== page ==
Randomized controlled trial of an educational intervention for managing fatigue in women receiving adjuvant chemotherapy for early-stage breast cancer

Patsy Yates, Sanchia Aranda, Maryanne Hargraves, Bev Mirolo, Alexandra Clavarino, SueAnne McLachlan, Helen Skerman
Journal of Clinical Oncology 2005 September 1, 23 (25): 6027-36

PURPOSE: To evaluate the efficacy of a psychoeducational intervention in improving cancer-related fatigue.

PATIENTS AND METHODS: This randomized controlled trial involved 109 women commencing adjuvant chemotherapy for stage I or II breast cancer in five chemotherapy treatment centers. Intervention group patients received an individualized fatigue education and support program delivered in the clinic and by phone over three 10- to 20-minute sessions 1 week apart. Instruments included a numeric rating scale assessing confidence with managing fatigue; 11-point numeric rating scales measuring fatigue at worst, average, and best; the Functional Assessment of Cancer Therapy-Fatigue and Piper Fatigue Scales; the Cancer Self-Efficacy Scale; the European Organisation for Research and Treatment of Cancer Quality of Life Questionnaire C30; and the Hospital Anxiety and Depression Scale. For each outcome, separate analyses of covariance of change scores between baseline (T1) and the three follow-up time points (T2, T3, and T4) were conducted, controlling for the variable's corresponding baseline value.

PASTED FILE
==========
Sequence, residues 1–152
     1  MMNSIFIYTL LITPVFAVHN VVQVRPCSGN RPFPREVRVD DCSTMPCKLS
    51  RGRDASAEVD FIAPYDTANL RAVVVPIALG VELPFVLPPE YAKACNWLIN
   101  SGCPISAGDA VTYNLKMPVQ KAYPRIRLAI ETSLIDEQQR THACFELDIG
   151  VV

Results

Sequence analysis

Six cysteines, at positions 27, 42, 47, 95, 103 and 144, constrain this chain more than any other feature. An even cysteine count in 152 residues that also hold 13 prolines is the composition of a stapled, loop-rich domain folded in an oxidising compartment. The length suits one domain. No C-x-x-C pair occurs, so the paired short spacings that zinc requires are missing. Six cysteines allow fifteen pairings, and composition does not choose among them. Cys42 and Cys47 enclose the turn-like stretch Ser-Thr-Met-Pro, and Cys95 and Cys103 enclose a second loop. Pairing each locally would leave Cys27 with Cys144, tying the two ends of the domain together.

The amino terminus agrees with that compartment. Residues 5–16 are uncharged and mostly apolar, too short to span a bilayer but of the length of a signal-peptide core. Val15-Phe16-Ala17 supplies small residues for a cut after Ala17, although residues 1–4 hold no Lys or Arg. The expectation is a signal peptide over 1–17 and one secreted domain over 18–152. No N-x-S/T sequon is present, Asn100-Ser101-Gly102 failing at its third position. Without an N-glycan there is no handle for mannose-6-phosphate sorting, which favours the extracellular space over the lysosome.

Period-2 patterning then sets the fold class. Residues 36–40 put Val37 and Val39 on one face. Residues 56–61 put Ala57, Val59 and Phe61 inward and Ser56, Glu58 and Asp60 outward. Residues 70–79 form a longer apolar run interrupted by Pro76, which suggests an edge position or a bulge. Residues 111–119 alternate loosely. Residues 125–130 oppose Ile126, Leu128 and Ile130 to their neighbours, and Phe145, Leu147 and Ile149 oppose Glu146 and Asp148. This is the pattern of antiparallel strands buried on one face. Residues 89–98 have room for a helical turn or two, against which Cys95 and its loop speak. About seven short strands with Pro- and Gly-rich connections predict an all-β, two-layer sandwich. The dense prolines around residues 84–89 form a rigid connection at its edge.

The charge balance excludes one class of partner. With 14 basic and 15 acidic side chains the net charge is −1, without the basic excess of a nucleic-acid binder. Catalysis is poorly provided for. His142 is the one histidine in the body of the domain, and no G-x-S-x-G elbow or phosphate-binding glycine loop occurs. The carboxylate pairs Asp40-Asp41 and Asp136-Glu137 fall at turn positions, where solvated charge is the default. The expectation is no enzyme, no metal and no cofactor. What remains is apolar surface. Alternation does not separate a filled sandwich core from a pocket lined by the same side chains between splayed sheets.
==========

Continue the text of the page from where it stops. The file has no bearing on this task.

RESULTS: Compared with the intervention group, mean difference scores between the baseline (T1) and immediate after the test (T2) assessments increased significantly more for the control group for worst and average fatigue, Functional Assessment of Cancer Therapy-Fatigue, and Piper fatigue severity and interference measures. These differences were not observed between baseline and T3 and T4 assessments. No significant differences were identified for any pre- or post-test change scores for confidence with managing fatigue, cancer self-efficacy, anxiety, depression, or quality of life.

CONCLUSION: Preparatory education and support has the potential to assist women to cope with cancer-related fatigue in the short term. However, further research is needed to identify ways to improve the potency and sustainability of psychoeducational interventions for managing cancer-related fatigue.

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